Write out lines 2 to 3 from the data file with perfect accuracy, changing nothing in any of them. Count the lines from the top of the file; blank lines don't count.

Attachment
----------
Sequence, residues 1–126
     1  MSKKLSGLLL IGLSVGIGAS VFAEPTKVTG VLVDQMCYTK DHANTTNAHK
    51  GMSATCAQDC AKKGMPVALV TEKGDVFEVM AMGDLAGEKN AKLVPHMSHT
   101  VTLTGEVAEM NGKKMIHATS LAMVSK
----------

     1  MSKKLSGLLL IGLSVGIGAS VFAEPTKVTG VLVDQMCYTK DHANTTNAHK
    51  GMSATCAQDC AKKGMPVALV TEKGDVFEVM AMGDLAGEKN AKLVPHMSHT